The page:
Peace and environmental activists joined for Earth Day at Manchester fuel depot to protest hydrocarbon use by the Navy and Department of Defense.
Manchester, Washington – Activists with Ground Zero Center for Nonviolent Action, 350 West Sound Climate Action, Earth Care Not Warfare and other peace and environmental groups met at noon at Manchester State Park. From there, they walked to the Manchester fuel depot, the Department of Defense’s largest single-site fuel terminal in the United States, and demanded that the U.S. military reduce its carbon footprint while reducing its global military footprint on the planet. The U.S. military has approximately 750 military bases around the world and emits more carbon into the atmosphere than 140 nations.
If the U.S. military were a country, its fuel usage alone would make it the 47th largest emitter of greenhouse gases in the world, sitting between Peru and Portugal.
The Manchester fuel depot sits on approximately two miles of Puget Sound shoreline, storing product in 44 bulk fuel tanks (33 Underground Storage Tanks and 11 Aboveground Storage Tanks) on 234 acres. Most of the tanks were built in the 1940s. The fuel depot (tank farm and loading pier) is less than six miles west of Alki Beach in Seattle.
Records available from 2017 show over 75 million gallons of fuel stored at MFD.
Conflicts induced or exacerbated by climate change contribute to global insecurity, which in turn, increase the chance of nuclear weapons being used. The effects of climate change can also feed the ambitions among some states to acquire nuclear weapons or different types of more useable or tactical nuclear weapons.
While climate change and the threat of nuclear war are the two major threats to the future of humankind and life on our planet, their solutions are similar. International cooperation to solve one of the problems—whether to abolish or tightly reduce nuclear weapons or to reduce greenhouse gas emissions—would greatly help with the solution of the other.
Our proximity to the largest number of deployed nuclear weapons in the U.S. at Bangor, and to the “Pentagon’s largest gas station” at Manchester, demands a deeper reflection and response to the threats of nuclear war and climate change.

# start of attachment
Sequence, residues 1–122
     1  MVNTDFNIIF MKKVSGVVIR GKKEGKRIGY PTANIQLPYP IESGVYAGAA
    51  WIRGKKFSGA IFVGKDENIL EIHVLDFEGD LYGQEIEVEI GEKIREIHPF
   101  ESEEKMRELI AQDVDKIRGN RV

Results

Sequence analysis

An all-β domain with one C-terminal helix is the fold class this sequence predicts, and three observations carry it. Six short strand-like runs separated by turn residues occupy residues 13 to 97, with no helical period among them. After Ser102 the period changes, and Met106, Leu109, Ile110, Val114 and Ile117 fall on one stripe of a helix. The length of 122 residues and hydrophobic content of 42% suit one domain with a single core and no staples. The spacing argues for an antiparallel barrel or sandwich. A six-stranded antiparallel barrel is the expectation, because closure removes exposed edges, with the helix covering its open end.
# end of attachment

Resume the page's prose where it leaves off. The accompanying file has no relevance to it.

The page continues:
A 2020 Freedom of Information Act response from the Navy to Ground Zero member Glen Milner showed that most of the fuel from the Manchester depot is sent to local military bases, presumably for training purposes or for military operations. The vast majority of the fuel is sent to Naval Air Station Whidbey Island. See https://1drv.ms/b/s!Al8QqFnnE0369wT7wL20nsl0AFWy?e=KUxCcT
One F/A-18F, similar to the Blue Angels jets that fly each summer over Seattle, consumes approximately 1,100 gallons of jet fuel per hour.
The Pentagon recently shut down a fuel depot near Pearl Harbor in Hawaii that was built during the same time period as the Manchester depot. The decision by Defense Secretary Lloyd Austin was based on a new Pentagon assessment, but was also in accordance with an order from Hawaii’s Department of Health to drain fuel from the tanks at the Red Hill Bulk Fuel Storage Facility.
The tanks had leaked into a drinking water well and contaminated water at Pearl Harbor homes and offices. Nearly 6,000 people, mostly those living in military housing at or near Joint Base Pearl Harbor-Hickam were sickened, seeking treatment for nausea, headaches, rashes and other ailments. And 4,000 military families were forced out of their homes and are in hotels.